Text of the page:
If you search for Avast or AVG on the official Mozilla Add-ons website, you may notice that no results by these companies are returned. Neither Avast Online Security or SafePrice, nor AVG Online Security or SafePrice, are returned by the Store currently even though these extensions exist.
It appears that Mozilla removed these extensions from its Store. When you try to open one of the Store URLs of Avast or AVG extensions you get a "Oops! We can't find that page" error message.
Update: The extensions are available again. Avast provided us with the following statement:
The extensions are not blacklisted by Mozilla. Blacklisted extensions are put on a blocklist -- which is publicly available here -- and removed from user browsers as a consequence.
Update: Avast provided the following statement:
We have offered our Avast Online Security and SafePrice browser extensions for many years through the Mozilla store. Mozilla has recently updated its store policy and we are liaising with them in order to make the necessary adjustments to our extensions to align with new requirements. The Avast Online Security extension is a security tool that protects users online, including from infected websites and phishing attacks. It is necessary for this service to collect the URL history to deliver its expected functionality. Avast does this without collecting or storing a user's identification.
We have already implemented some of Mozilla's new requirements and will release further updated versions that are fully compliant and transparent per the new requirements. These will be available as usual in the Mozilla store in the near future.
Avast and AVG extensions have been removed but are not blocked which means that the extensions remain installed in Firefox browsers for the time being.
Mozilla added several dozen extensions for Firefox to the blocklist on December 2, 2019 which collected user data without disclosure or consent, but Avast's extensions are not on the list.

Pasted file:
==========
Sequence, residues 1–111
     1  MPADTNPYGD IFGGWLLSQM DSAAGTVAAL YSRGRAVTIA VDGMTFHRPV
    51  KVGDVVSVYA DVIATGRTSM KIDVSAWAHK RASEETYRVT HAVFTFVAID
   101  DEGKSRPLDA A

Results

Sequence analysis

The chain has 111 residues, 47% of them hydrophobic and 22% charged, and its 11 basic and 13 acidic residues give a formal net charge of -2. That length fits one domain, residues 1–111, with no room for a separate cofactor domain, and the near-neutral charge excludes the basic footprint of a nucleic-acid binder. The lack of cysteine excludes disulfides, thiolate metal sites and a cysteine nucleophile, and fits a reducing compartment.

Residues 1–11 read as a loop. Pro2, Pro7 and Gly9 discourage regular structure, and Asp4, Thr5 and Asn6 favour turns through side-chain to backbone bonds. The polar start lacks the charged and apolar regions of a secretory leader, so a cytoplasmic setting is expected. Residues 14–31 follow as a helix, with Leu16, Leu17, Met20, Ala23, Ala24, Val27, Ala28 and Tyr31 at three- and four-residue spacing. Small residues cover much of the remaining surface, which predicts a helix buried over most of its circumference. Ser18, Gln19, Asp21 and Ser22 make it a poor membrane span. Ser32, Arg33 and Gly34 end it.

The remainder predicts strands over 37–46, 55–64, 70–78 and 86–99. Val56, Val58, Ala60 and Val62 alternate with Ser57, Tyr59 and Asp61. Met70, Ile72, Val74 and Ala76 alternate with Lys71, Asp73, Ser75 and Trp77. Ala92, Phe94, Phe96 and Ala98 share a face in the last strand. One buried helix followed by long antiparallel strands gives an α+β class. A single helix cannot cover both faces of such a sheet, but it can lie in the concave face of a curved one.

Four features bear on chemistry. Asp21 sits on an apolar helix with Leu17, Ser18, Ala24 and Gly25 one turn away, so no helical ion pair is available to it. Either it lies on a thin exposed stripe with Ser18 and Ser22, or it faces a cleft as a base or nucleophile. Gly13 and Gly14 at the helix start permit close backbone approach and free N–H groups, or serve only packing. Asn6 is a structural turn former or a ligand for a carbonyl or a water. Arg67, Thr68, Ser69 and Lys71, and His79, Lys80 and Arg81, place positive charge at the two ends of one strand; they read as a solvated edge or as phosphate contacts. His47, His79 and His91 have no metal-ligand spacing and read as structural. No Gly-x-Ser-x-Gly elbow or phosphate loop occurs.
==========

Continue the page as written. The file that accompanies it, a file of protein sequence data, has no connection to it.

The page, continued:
Wladimir Palant, creator of AdBlock Plus, published an analysis of Avast extensions in late October 2019 on his personal site. He discovered that Avast's extension transmitted data to Avast that provided Avast with browsing history information. The data that the extension submits exceeded what is necessary to function according to Palant.
The extensions include the full address of the page, the page title, referer, and other data in the request. Data is submitted when pages are opened but also when tabs are switched. On search pages, every single link on the page is submitted as well.
The data collected here goes far beyond merely exposing the sites that you visit and your search history. Tracking tab and window identifiers as well as your actions allows Avast to create a nearly precise reconstruction of your browsing behavior: how many tabs do you have open, what websites do you visit and when, how much time do you spend reading/watching the contents, what do you click there and when do you switch to another tab. All that is connected to a number of attributes allowing Avast to recognize you reliably, even a unique user identifier.
Mozilla is in talks with Avast currently according to Wladimir Palant. Possible scenarios are that Mozilla will add the extensions to the blocklist that it maintains or will request that Avast makes changes to the extensions before they are reinstated.
The extensions are still available for Google Chrome at the time of writing.Advertisement
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